Matthew Griffin, described as “The Adviser behind the Advisers” and a “Young Kurzweil,” is the founder and CEO of the World Futures Forum and the 311 Institute, a global Futures and Deep Futures consultancy working between the dates of 2020 to 2070, and is an award winning futurist, and author of “Codex of the Future” series. Regularly featured in the global media, including AP, BBC, Bloomberg, CNBC, Discovery, RT, Viacom, and WIRED, Matthew’s ability to identify, track, and explain the impacts of hundreds of revolutionary emerging technologies on global culture, industry and society, is unparalleled. Recognised for the past six years as one of the world’s foremost futurists, innovation and strategy experts Matthew is an international speaker who helps governments, investors, multi-nationals and regulators around the world envision, build and lead an inclusive, sustainable future. A rare talent Matthew’s recent work includes mentoring Lunar XPrize teams, re-envisioning global education and training with the G20, and helping the world’s largest organisations envision and ideate the future of their products and services, industries, and countries. Matthew's clients include three Prime Ministers and several governments, including the G7, Accenture, Aon, Bain & Co, BCG, Credit Suisse, Dell EMC, Dentons, Deloitte, E&Y, GEMS, Huawei, JPMorgan Chase, KPMG, Lego, McKinsey, PWC, Qualcomm, SAP, Samsung, Sopra Steria, T-Mobile, and many more.
WHY THIS MATTERS IN BRIEF
- 5G will revolutionise connectivity and connected devices and services, and Qualcomm are claiming they are the world’s first company to deliver a 5G connection to a mobile device
Qualcomm is claiming a world first in the race to bring ultrafast 5G wireless technology to the market by showcasing its Snapdragon X50 5G modem chipset, the worlds first working 5G data connection to a mobile device. The demonstration, which was conducted in Qualcomm’s San Diego labs and released in a video at a Hong Kong event on Tuesday, will up the ante against rivals such as Intel and Huawei in the battle for the next generation of mobile broadband and in the test the X50 NR achieved speeds of over 1 gigabit, or 1,000 megabits, per second — several times faster than the 4G LTE wireless networks that are used by today’s smartphones.
“This major milestone and our 5G smartphone reference design showcase how Qualcomm Technologies is driving 5G NR in mobile devices to enhance mobile broadband experiences for consumers around the world,” said Cristiano Amon, Qualcomm’s Executive VP.
The company also said commercial launches of 5G smartphones and networks would begin in the first half of 2019, and that timetable is more aggressive than many in the wireless industry had envisaged, thanks to changes announced earlier this year by 3GPP, the standards body that governs cellular networks such as 5G. Meanwhile analysts expect the 5G take up by mobile operators and handset makers to be more rapid around the world than it has been for 4G, and research group CCS Insight predicts that 300 million 5G smartphones will be sold by 2021, which respresents about 15 per cent of total global shipments.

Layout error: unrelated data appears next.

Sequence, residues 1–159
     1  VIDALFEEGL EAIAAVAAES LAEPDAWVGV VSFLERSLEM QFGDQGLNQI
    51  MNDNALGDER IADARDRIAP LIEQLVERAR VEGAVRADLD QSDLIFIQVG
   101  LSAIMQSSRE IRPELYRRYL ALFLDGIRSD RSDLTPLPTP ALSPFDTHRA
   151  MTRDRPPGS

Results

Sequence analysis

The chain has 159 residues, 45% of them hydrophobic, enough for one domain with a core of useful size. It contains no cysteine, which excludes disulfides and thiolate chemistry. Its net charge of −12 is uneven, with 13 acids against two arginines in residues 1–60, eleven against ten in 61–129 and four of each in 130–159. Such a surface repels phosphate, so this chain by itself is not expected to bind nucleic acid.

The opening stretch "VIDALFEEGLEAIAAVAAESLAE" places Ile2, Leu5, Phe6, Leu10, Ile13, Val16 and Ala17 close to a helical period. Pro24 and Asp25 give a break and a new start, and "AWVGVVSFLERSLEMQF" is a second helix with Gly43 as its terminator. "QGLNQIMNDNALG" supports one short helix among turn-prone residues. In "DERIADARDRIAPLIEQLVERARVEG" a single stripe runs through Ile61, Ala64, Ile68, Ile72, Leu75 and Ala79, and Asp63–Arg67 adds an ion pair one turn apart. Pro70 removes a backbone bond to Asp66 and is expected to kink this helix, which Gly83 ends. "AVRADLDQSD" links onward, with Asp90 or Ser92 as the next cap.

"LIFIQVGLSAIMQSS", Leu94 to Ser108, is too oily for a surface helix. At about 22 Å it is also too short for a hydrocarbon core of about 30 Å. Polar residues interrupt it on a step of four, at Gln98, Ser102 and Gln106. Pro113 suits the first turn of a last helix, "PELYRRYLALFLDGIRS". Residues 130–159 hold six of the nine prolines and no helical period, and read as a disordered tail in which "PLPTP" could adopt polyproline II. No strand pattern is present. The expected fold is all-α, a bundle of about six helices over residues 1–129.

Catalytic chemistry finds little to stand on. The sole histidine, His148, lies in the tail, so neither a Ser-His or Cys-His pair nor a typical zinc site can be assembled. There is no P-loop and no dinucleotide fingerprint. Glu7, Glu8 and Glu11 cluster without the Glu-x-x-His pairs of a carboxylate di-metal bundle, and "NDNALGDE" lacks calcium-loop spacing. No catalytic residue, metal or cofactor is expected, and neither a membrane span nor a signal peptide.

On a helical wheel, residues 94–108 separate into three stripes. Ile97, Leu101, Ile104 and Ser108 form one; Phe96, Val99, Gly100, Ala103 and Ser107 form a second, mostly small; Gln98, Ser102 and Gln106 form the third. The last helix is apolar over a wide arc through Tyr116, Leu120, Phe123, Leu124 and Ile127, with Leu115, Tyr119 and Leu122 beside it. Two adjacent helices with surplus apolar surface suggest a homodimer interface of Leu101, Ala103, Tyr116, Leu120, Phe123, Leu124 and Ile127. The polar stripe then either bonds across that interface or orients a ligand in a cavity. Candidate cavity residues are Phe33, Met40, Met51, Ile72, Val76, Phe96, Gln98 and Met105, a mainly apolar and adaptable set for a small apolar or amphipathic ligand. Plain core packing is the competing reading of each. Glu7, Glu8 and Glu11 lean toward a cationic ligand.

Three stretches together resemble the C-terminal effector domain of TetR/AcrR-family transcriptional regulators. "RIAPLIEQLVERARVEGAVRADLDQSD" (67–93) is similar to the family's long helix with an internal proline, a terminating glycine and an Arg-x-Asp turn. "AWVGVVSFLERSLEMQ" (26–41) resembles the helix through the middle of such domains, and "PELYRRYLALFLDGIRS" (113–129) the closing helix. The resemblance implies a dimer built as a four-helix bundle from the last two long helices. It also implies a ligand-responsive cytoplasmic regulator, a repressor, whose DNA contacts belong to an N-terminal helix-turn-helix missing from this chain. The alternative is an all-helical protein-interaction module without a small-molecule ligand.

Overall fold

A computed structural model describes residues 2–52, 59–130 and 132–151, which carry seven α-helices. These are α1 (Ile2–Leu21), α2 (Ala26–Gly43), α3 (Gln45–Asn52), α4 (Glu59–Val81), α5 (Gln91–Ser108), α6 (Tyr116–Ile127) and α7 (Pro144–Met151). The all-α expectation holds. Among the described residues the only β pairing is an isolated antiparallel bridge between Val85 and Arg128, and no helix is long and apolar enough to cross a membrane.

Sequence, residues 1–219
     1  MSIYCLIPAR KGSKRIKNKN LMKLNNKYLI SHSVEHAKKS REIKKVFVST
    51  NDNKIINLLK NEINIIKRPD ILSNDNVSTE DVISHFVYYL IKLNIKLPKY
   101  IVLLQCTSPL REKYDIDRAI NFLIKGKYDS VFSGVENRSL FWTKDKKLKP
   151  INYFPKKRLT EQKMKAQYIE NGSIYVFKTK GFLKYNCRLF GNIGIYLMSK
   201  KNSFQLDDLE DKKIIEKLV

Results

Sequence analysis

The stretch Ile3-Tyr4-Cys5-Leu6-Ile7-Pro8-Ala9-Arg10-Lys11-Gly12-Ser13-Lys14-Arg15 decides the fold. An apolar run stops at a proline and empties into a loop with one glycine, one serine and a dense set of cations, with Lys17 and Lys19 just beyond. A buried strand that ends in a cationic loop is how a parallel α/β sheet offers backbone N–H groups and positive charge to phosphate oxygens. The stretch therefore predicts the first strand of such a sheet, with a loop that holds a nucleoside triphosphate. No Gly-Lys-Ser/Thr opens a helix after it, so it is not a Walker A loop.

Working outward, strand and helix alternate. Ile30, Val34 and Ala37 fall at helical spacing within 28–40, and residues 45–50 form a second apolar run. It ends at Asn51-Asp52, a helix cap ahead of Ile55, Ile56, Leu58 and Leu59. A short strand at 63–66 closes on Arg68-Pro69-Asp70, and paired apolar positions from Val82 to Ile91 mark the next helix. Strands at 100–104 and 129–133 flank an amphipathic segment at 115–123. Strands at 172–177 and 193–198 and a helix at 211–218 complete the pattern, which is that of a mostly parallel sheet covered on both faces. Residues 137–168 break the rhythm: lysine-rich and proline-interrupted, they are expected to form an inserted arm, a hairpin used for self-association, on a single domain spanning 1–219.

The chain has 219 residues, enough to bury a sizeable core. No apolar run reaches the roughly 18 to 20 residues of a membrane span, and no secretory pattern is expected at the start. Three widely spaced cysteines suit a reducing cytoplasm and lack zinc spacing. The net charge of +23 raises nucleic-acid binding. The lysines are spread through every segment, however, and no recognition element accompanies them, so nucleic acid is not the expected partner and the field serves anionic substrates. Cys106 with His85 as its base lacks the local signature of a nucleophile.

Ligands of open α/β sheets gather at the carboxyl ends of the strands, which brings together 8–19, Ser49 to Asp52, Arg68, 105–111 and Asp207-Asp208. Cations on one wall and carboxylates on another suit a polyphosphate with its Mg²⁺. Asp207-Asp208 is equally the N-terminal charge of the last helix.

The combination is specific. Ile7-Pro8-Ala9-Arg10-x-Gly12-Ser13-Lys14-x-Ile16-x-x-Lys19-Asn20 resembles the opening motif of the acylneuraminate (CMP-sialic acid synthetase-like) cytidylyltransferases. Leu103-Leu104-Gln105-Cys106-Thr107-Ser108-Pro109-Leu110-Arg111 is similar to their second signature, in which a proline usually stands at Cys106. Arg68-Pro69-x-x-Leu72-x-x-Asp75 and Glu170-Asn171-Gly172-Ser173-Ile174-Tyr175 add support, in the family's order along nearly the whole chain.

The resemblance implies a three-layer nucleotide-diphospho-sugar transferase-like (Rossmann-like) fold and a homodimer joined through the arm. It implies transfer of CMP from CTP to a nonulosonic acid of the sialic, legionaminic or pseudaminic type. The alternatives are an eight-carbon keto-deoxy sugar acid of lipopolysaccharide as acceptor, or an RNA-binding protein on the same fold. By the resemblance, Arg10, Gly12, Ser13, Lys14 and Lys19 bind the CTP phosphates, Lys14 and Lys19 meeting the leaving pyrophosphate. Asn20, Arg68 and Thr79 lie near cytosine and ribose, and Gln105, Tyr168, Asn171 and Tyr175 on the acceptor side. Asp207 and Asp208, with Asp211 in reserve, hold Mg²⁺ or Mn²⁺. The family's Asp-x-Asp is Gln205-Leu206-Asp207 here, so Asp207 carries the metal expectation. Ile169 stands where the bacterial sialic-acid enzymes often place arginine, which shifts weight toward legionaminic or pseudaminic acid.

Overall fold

“This is an important step along the road to 5G and commercial devices in 2019 and is consistent with expectations that Qualcomm will carry its 4G strength into the next generation,” said Geoff Blaber, an analyst at CCS Insight. However, he warned that with 5G still in early trials, it is “difficult to draw firm conclusions” about which companies will prove the winners.
Qualcomm is the industry’s largest standalone vendor of smartphone modems but it faces increasing competition in mobile processors from in-house chip units at Apple, Samsung and Huawei, and elsewhere Intel, whose modems Apple has started to incorporate into some of its iPhones, is also ramping up its investment in 5G as the company stands to benefit from the huge increase in the number of connected devices and the data that they create, which 5G is expected to trigger.
“The industry likes to focus on the battle between Intel and Qualcomm but the reality is different,” said Blaber, “Intel faces a challenge in rivalling Qualcomm in modem technology but its real strength is in the data centre as 5G becomes a [computational] as much as a connectivity challenge.”
Slowing growth in the smartphone market makes harnessing the move to 5G all the more important for Qualcomm and its rivals, and many in the industry hope that the new standard will give consumers a compelling reason to upgrade their smartphones.